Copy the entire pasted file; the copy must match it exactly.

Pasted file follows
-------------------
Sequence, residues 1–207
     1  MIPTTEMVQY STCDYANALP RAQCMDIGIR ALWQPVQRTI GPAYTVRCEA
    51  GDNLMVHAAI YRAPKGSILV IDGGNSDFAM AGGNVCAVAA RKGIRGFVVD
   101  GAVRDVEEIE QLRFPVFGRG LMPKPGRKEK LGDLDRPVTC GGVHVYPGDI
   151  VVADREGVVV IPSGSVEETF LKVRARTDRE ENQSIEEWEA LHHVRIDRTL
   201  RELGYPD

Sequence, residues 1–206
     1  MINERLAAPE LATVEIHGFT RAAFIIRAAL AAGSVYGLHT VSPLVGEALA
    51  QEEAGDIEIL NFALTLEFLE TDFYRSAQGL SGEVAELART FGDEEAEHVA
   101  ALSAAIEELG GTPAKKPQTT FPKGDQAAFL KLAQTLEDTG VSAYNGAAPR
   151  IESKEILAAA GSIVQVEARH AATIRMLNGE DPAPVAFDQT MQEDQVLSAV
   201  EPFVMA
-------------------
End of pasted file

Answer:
Sequence, residues 1–207
     1  MIPTTEMVQY STCDYANALP RAQCMDIGIR ALWQPVQRTI GPAYTVRCEA
    51  GDNLMVHAAI YRAPKGSILV IDGGNSDFAM AGGNVCAVAA RKGIRGFVVD
   101  GAVRDVEEIE QLRFPVFGRG LMPKPGRKEK LGDLDRPVTC GGVHVYPGDI
   151  VVADREGVVV IPSGSVEETF LKVRARTDRE ENQSIEEWEA LHHVRIDRTL
   201  RELGYPD

Sequence, residues 1–206
     1  MINERLAAPE LATVEIHGFT RAAFIIRAAL AAGSVYGLHT VSPLVGEALA
    51  QEEAGDIEIL NFALTLEFLE TDFYRSAQGL SGEVAELART FGDEEAEHVA
   101  ALSAAIEELG GTPAKKPQTT FPKGDQAAFL KLAQTLEDTG VSAYNGAAPR
   151  IESKEILAAA GSIVQVEARH AATIRMLNGE DPAPVAFDQT MQEDQVLSAV
   201  EPFVMA